Life is a grind—it’s difficult / it’s challenging.
Psalm 90, verse 10, says, “You have 70 years in this grind / 80 if you are strong,”—and—“Those years are filled with”—what?—“sorrow and anguish”—difficulty/pain. The word, toilsome, is used—I mean, it is gruesome. The grind can be so difficult—doesn’t matter how much money you make / you can’t buy your way out of it. Doesn’t matter how many degrees you get / you can’t outsmart it. We’re in the grind—all the way until the end.
But I love the nugget in the middle of Ecclesiastes that I just don’t hear a lot of pastors preaching on it or teachers teaching on it—it’s Ecclesiastes 9:7-9—it says this: “Eat your food with gladness. Drink your wine with a joyful heart for now God favors what you do. Always be clothed in white. Anoint your head with oil.” It’s speaking of joy, and festivity, and enjoying life. And I love verse 9—it says I don’t have to trade all of that joy, and festivity, and enjoying life when I get married. I don’t have to trade it in. I can do both; because Ecclesiastes 9:9 says, “Enjoy life with your wife whom you love all your meaningless days that God has given you under the sun.”
When I go to churches that don’t have open Bibles, I always misquote that verse on purpose. I’ll say—after I read verses 7 and 8, I’ll go: “Now, look at verse 9. [Speaking with a heavy tone]: ‘Endure life with your wife all your miserable days.’” And I’ll get, “Hmm, that’s good. That’s good.” I’ll get amen’d. [Laughter] And I’ll have to say: “That’s not what it says! But that’s what we think it should say.” We make the decision to enjoy life together in the midst of the grind.
So, we’ve compiled a list—I have one—all of the reasons why it’s fun loving Amy Cunningham. She has a list of all the reasons why it is fun loving Ted Cunningham—because again, these are decisions we make in the grind. I can’t get out of the grind, but the blessing is I get to make decisions every day in it.
Dennis: So, give us a couple of your—that are on your FLY list.
Ted: Okay; so, first seven/eight years of marriage frustrated me—not anymore. I told her—I said: “Amy, listen, just not a lot of adventure left for men in the world anymore. Let me find my own parking space. I just want to find my own parking space.” I said: “When we pull into the mall—I don’t know why God designed it this way—but when you even look at a spot, it automatically disqualifies that spot. I can’t park there. I’m not allowed to park there. I have to go find my own spot.”
And she used to—years when we were plugged into one another as a source of life—she would look at me and be like: “You stubborn, stubborn man! Why can’t you just go with this good spot that I showed you?” I’d pull 20 spaces down—“No, I’m pulling into…” Now, what she does—and I love this—I pull 20 spaces down. She leans over, and she starts massaging my bicep—see, we are enjoying this. She’ll look at me; and she’ll say, “You did this all by yourself!” [Laughter] And I’ll say, “I sure did.”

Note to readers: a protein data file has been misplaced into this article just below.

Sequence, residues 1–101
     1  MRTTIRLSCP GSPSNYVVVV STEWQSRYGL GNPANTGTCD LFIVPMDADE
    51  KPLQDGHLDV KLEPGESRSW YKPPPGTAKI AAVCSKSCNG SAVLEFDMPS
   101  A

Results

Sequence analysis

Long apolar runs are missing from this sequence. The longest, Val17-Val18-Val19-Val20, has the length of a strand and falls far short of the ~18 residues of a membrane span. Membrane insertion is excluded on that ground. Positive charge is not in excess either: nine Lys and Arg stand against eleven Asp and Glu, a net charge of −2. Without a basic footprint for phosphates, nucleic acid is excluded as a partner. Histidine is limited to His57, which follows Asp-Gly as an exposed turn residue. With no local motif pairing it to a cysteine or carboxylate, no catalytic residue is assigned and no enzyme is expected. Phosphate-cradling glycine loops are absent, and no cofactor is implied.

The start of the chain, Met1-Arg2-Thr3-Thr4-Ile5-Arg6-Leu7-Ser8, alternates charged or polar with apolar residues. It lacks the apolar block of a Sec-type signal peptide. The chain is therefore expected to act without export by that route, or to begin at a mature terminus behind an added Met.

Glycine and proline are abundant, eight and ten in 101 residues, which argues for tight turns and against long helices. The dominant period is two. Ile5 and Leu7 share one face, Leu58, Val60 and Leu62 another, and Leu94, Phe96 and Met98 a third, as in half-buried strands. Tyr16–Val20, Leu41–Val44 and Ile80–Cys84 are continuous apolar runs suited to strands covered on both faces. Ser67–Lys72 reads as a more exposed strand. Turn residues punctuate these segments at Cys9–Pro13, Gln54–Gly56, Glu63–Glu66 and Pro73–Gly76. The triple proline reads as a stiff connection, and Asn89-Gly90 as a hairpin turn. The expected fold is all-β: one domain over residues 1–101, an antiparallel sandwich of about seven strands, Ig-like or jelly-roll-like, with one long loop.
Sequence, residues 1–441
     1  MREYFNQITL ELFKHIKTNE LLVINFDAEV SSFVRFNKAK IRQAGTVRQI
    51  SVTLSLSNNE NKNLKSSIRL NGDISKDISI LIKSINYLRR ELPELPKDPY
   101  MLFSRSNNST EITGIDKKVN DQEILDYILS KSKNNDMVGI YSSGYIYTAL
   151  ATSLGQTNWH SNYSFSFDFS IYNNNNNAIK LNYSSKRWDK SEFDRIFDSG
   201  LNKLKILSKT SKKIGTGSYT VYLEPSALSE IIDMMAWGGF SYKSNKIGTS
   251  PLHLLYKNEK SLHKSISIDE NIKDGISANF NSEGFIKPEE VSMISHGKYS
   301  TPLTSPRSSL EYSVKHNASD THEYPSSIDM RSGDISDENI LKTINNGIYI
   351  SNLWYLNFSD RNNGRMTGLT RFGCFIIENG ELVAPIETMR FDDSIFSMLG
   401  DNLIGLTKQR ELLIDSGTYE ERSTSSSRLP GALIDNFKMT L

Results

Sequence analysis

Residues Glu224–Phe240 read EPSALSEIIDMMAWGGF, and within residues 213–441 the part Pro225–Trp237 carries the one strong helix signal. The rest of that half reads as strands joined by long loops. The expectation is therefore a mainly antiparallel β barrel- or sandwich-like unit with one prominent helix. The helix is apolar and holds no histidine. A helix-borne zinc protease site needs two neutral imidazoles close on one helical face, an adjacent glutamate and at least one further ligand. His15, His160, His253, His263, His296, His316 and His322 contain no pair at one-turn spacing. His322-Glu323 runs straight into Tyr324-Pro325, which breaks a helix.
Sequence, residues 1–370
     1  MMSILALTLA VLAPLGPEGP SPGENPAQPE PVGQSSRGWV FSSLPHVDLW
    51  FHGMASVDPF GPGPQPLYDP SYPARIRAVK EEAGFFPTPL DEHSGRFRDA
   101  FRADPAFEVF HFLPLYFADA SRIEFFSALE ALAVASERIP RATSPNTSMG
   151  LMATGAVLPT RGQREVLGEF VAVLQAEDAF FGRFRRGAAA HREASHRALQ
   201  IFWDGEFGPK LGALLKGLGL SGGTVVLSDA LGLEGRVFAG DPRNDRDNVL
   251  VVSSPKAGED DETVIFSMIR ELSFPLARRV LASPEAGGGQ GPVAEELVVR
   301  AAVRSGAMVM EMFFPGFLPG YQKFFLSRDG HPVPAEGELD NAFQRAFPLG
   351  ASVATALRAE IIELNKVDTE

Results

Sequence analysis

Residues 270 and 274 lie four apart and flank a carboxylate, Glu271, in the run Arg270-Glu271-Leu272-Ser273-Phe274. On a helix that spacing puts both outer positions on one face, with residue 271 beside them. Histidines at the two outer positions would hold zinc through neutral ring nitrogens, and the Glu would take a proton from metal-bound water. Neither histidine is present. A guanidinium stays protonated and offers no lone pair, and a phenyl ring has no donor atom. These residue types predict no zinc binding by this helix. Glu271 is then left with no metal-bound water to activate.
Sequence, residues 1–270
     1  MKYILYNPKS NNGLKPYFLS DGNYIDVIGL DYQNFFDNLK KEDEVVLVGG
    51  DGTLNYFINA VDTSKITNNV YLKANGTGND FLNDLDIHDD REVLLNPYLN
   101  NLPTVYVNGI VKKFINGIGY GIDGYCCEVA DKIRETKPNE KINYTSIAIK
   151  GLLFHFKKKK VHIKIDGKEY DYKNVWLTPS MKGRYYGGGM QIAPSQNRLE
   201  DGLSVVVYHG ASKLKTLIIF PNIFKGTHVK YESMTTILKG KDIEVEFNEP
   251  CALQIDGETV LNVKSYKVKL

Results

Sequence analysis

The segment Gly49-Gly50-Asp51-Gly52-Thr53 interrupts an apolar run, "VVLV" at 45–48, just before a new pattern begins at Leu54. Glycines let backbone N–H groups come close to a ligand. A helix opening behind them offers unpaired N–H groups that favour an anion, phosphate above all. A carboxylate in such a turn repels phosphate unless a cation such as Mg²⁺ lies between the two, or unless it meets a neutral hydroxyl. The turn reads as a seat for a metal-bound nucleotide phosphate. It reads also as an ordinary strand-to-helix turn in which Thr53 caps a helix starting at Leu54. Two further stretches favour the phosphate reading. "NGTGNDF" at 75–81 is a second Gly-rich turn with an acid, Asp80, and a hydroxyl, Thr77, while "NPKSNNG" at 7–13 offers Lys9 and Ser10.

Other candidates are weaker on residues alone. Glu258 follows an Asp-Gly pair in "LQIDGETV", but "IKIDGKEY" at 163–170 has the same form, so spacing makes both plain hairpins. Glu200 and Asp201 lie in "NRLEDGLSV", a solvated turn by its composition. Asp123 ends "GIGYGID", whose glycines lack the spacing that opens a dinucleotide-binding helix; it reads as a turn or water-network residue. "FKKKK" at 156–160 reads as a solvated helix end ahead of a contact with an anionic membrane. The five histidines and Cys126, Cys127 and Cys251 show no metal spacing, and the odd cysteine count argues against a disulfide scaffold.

And what I caught her doing last year—she knows those Andes candies mints—I mean, I can eat boxes of those at a time—they are not good for me.
Bob: The chocolate with the green in the middle—
Ted: The chocolate with the green in the middle. They are so fantastic. And I caught her in the parking lot—she had a bag of them in her purse. She keeps them there, now, for when I do something good; okay? [Laughter] She pulled one out, and she handed it to me. While I’m unwrapping it, I realize: “My wife just gave me a treat!”—right? “She is rewarding my good behavior.”
Bob: You do this with kids and dogs; don’t you? [Laughter]
Ted: Yes. But we just—we laugh about that—things that a lot of couples get stuck with.
She thinks I’m an expert on everything. I love when we are driving down the road. It used to frustrate me when she would say, “What are they doing here?” at a construction site. And I’d be like: “I have no idea! I’m not involved in any of this decision-making with this construction.” But now, I totally make it up; and I just go with it. I’m like: “I told the boys: ‘Rip it up. We’re going to put down new pipes,’”—and we just go with it instead of allowing things to eat away at us and frustrate us. We’ve decided everything—potentially frustrating in our marriage—we are going to find a way to enjoy it.